As more companies develop global teams, cultural diversity in the workplace is becoming more common. To build an inclusive and supportive work environment, it’s important to consider different traditions and holidays celebrated by team members.
March 23rd, 2023 marks the beginning of Ramadan – a month-long holy period celebrated by Muslims around the world. During this month, individuals must significantly adjust their routines. As a result, companies should understand how this holiday impacts the day-to-day life of Muslims.
What is Ramadan?
Ramadan is a significant month for Muslims around the world. It marks a holy month where Muslims fast, including abstaining from drinking and eating, smoking and engaging in sexual activity from dawn till sunset. Individuals must even abstain from drinking water. This time is used for spiritual reflection and growth, to help those in need, and to spend time with loved ones. The fast is intended to teach self-discipline, self-control, and empathy for those less fortunate. The holy month of Ramadan has deep religious, cultural, and historical significance as it is also a celebration of Prophet Muhammad’s first revelation of the Holy Quran.
When is Ramadan?
This year, Ramadan is expected to start on March 23rd and end on April 20th. The actual day, however, changes year over year and falls on the 9th month of the Islamic calendar. The beginning of the month marks the start of Ramadan which lasts until the end of the month.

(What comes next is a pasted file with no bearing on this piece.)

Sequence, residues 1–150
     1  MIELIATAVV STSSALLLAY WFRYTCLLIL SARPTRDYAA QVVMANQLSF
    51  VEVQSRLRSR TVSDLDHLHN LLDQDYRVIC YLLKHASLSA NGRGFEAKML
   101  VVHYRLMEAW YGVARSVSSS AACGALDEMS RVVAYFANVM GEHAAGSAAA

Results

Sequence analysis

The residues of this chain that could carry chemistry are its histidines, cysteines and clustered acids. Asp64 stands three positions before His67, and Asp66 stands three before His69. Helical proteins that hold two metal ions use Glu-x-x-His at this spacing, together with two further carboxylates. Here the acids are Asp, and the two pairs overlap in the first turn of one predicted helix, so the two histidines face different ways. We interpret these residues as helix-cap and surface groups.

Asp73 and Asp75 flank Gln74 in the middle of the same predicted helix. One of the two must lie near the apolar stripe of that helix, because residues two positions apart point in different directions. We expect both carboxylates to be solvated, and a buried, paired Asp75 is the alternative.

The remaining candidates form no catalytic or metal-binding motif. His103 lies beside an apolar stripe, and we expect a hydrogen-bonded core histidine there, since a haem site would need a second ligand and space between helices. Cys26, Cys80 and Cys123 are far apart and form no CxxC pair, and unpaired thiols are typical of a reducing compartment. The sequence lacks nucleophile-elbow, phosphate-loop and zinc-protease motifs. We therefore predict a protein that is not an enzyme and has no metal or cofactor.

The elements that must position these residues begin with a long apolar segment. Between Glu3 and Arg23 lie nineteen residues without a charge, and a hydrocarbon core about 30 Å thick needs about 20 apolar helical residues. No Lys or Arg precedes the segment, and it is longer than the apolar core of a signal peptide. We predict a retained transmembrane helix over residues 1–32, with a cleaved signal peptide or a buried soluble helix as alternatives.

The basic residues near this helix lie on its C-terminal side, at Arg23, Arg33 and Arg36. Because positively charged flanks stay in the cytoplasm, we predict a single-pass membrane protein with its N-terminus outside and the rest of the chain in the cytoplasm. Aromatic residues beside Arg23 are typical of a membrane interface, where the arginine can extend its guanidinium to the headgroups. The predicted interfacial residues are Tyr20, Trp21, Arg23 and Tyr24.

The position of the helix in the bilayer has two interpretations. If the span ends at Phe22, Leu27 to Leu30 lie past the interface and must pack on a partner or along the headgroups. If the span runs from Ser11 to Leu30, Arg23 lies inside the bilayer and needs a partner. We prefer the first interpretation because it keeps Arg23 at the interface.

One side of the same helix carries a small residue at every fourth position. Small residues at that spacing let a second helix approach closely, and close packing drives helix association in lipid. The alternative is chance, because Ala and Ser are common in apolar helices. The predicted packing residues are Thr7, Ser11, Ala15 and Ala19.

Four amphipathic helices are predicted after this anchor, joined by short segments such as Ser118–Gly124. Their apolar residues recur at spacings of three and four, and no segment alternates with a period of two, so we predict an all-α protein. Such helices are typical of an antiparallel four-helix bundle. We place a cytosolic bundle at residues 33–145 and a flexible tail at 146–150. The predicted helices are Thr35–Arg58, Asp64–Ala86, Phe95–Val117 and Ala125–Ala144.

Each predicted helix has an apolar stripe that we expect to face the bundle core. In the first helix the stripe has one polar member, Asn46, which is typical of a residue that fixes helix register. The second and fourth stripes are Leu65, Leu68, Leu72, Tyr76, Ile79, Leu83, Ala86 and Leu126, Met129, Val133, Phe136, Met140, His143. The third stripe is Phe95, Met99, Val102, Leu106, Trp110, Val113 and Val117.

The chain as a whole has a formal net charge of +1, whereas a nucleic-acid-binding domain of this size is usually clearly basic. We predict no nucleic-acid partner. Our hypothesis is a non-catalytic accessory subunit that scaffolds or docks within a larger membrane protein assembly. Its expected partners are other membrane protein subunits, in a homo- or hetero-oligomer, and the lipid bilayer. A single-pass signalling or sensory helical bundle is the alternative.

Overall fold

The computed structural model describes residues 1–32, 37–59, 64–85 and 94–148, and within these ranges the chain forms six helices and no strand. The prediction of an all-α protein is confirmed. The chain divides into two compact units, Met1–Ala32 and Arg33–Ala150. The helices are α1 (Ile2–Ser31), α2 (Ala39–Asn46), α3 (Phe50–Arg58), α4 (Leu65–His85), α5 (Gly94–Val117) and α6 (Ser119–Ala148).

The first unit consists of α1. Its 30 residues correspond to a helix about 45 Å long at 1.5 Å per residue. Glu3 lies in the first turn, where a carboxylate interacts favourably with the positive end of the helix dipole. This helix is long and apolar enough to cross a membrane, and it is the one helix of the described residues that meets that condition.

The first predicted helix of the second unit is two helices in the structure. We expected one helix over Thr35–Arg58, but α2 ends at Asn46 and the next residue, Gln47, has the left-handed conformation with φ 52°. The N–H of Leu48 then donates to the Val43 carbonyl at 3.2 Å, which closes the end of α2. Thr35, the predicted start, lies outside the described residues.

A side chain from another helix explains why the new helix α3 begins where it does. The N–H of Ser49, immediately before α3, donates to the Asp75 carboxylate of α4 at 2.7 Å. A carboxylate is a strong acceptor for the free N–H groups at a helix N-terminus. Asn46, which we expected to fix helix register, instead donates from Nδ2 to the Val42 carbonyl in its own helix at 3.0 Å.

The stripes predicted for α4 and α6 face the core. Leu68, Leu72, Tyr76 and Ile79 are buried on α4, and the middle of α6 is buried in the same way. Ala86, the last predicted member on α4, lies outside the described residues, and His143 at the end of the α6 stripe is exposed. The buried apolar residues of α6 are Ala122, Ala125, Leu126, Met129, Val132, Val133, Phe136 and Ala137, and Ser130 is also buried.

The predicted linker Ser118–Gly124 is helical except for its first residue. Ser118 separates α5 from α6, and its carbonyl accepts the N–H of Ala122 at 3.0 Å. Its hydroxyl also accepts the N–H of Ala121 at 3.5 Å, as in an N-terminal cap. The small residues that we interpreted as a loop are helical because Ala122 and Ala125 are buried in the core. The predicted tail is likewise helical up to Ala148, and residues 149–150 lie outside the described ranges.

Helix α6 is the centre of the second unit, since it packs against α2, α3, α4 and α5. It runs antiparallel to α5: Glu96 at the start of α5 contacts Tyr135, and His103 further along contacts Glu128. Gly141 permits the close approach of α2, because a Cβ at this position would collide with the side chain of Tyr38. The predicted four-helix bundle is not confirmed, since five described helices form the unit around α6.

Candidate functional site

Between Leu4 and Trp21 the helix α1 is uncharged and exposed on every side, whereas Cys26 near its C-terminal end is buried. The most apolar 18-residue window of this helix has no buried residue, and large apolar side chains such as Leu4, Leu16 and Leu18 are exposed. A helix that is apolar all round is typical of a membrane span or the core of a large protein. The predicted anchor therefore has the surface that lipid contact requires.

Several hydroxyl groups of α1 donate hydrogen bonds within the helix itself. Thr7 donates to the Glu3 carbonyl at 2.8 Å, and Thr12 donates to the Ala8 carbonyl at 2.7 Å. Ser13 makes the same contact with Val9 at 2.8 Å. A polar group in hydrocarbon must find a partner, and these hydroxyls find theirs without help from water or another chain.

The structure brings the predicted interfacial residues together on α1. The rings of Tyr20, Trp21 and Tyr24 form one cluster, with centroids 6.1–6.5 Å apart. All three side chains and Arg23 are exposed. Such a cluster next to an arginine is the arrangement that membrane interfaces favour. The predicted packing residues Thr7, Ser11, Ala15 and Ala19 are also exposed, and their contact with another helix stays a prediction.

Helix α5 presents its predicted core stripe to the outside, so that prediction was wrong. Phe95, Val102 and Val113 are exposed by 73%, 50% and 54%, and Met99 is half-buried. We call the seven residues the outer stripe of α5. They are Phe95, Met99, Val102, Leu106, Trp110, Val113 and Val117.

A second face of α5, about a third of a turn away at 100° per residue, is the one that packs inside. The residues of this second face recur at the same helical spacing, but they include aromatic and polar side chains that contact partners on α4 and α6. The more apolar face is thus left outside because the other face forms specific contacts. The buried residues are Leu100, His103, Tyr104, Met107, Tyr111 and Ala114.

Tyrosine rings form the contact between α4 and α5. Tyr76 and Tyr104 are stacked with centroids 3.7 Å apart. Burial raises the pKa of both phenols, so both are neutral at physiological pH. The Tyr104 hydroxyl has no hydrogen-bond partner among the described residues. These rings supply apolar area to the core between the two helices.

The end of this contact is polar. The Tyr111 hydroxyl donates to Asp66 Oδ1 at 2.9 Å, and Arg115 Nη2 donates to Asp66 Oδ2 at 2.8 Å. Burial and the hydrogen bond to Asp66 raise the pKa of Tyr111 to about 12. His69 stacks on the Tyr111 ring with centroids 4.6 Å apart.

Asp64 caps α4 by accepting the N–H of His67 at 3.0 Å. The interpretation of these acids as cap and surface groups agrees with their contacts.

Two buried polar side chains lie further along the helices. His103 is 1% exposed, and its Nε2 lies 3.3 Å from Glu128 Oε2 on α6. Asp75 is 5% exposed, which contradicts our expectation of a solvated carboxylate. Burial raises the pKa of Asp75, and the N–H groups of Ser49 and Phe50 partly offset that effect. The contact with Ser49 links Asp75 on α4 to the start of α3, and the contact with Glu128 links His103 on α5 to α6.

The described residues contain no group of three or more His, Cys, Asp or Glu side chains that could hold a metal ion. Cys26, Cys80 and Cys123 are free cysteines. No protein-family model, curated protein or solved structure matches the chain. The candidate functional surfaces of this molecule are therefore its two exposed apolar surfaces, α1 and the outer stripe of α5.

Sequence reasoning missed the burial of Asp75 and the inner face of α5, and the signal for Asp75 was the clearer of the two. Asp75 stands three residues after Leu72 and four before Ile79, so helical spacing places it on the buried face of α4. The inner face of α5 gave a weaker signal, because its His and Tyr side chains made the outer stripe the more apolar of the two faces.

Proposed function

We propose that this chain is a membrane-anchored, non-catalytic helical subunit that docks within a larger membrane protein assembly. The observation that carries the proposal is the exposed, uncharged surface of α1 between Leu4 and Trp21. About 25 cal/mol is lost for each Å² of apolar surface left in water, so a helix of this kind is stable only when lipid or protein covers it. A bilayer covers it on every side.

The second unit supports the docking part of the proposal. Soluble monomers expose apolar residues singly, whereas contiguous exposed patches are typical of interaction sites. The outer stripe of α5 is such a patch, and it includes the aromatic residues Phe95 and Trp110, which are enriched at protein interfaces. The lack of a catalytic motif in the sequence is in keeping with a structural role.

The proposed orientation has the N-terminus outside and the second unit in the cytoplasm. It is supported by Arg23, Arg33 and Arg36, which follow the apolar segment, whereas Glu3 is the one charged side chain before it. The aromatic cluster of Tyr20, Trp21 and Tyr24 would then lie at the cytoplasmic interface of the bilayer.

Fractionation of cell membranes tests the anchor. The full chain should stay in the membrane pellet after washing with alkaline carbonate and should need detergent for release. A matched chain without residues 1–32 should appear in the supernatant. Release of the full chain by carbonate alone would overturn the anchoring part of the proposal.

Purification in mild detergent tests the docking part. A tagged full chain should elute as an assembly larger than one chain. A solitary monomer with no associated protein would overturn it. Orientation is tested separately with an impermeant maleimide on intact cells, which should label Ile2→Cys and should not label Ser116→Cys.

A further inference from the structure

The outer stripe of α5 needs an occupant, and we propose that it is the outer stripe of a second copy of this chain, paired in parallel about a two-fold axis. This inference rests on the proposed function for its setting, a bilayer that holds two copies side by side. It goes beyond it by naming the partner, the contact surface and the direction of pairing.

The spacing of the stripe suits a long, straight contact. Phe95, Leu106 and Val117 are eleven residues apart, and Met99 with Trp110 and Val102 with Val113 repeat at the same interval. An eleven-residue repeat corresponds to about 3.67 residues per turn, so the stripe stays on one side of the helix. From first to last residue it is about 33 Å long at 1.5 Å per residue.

Muslims celebrate “Eid-ul-Fitr” at the end of Ramadan. This three-day festival marks the end of the month-long fast. During the three-day festival, Muslims typically celebrate with friends and family, exchange gifts, and engage in festive activities.
Why Should You Support Your Muslim Colleagues During Ramadan?
Diversity among employees can positively impact a workplace. It has been shown to contribute to greater creativity and innovation and can result in improved client relations and customer experience. A diverse workforce is what makes a strong workforce. This may include having diverse ages, religions, sexuality, gender, cultures, physical abilities, training and background and so much more. Regardless of who is on a team, everyone deserves to be treated with respect in and outside the workplace. Understanding who is on your team and the practices they engage in, can help ensure everyone feels supported and that you are embracing cultural diversity in the workplace.
How Can You Create A Supportive Work Culture During Ramadan?
Whether you have Muslim colleagues or are the leader of a diverse team, there are steps you can take to foster a supportive work culture. Here are some ways to support team members during Ramadan.
Educate yourself: The first step is to understand what Ramadan is. By making it this far in the article, you already know more than when you started! You can learn more about Ramadan by watching educational videos, reading articles/blogs, and attending community. Here’s a video to get you started: